Please Mommy Don’t Go!

You will never feel more loved then when your child cries for the first time at the sight of you leaving.  In their eyes, at this stage of their development, YOU are their greatest love.  And because of their uncertainty that you will return, they are heartbroken to see you walk away.  The first time it happens is heart wrenching.  Some parents aren’t able to leave when they hear their baby calling out for them.  Your child’s cries affirm their love for you, and this  is one of the first ways they expresses it.
Separation anxiety begins around the age of 10 months and peaks by 18 months.  It usually subsides between 2 1/2 to 3 years of age.  It is a natural stage of development in your child’s social-emotional skills.  Your leaving and returning helps your child to learn object permanence;  even when you aren’t with them you are somewhere else.  Another reason why separation anxiety occurs is because at this young age your child has no concept of time.  Whether it be one minute or 8 hours, your child just knows that you are gone and they want you back!  With practice, your child will eventually learn that you will return and their anxiety will resolve.

Here are some tips to help ease the transition of when you have to leave your child’s side:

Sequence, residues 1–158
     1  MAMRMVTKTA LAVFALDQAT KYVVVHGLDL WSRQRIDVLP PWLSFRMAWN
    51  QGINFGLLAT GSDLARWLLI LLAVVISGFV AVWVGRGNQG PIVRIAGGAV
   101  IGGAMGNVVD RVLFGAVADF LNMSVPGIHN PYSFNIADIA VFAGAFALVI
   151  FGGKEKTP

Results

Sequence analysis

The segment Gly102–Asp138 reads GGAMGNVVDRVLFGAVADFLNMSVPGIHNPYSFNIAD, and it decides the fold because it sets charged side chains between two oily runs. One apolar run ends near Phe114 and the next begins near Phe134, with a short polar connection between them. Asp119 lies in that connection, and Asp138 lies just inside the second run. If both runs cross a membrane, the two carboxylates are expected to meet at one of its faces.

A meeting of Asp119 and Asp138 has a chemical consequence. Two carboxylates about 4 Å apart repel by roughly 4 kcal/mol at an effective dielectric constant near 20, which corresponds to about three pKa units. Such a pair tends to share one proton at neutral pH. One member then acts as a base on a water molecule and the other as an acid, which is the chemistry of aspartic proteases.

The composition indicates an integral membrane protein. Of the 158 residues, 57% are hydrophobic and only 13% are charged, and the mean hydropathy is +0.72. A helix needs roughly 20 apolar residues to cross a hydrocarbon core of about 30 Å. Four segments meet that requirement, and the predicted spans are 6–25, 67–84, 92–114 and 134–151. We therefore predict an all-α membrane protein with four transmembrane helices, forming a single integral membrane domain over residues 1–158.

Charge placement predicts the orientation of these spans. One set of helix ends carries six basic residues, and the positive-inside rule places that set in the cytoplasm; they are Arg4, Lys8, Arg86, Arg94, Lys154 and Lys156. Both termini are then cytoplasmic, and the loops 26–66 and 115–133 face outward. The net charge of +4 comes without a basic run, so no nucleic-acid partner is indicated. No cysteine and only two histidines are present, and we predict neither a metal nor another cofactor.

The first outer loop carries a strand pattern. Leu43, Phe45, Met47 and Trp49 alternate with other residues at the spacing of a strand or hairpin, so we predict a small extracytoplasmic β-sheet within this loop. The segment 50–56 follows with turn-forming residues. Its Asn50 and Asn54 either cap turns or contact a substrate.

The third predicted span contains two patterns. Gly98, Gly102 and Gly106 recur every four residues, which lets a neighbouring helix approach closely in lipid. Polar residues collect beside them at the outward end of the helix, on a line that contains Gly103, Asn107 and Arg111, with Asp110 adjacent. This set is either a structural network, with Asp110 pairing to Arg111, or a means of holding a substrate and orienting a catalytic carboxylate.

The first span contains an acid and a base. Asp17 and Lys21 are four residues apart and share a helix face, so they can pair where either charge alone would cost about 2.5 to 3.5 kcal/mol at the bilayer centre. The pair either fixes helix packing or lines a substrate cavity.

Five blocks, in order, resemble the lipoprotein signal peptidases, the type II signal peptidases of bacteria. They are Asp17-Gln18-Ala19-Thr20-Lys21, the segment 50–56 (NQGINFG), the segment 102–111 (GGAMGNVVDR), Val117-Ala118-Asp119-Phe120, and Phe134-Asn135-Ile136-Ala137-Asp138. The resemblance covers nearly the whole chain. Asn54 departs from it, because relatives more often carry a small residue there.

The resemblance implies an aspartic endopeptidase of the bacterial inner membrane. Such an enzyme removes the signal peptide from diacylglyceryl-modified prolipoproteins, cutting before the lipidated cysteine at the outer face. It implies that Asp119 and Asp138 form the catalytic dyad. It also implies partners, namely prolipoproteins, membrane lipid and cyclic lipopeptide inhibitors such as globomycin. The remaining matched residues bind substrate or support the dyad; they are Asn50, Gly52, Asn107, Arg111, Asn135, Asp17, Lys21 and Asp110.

-Make your goodbye quick and try distracting your child with a toy or object of interest.
-Verbally reassure them that you will be back.  Provide them with a picture of you to hold while you are away.
-Creating a picture schedule may be helpful for older children.  The schedule will help them to understand what  happens next in their day and reassure them that you are returning.
-Usually the child stops crying within minutes of your departure.  Give your babysitter/family member a call to make sure that your child has calmed down, then let go of the guilt!!

Your reward for the pain of leaving them is seeing their smiling face when you return.  Just as their cries made you feel loved when you left them, their excited, smiling face when you return…well there is nothing like it!  It reminds you that THEY are your greatest love too!

0 replies
  1. Renae
    Renae says:

    I love this blog! Being a child care provider I really appreciate the tips that you gave on helping to ease of transition. I've seen many parents drop their child off and want to chat with me about this or that – this actually makes the transition SO much worse. I have to take time away from the other children to have discussions with the parent AND “little Johnny” has a harder time, because he's been clinging with anxiety to Mom's legs. OR he has finally gotten interested in a toy, but Mom feels bad leaving without one last “see you later honey” and the process starts all over again. My suggestion – if your child is having a hard time at drop off, drop at the door, don't even go in with him/her. I know that may sound harsh, but between cell phones, text messaging and e-mail you should have other forms of communication with the sitter. Obviously communication is key with the person who is spending so much time with your child – I'm just saying there are other means. In my experience when a child has a hard time at drop off they calm down within a couple minutes & I text the Mom and let her know that. We also have made many cards/pictures for Mom or Dad if “little Johnny” gets sad throughout the day. Just my two sense 🙂


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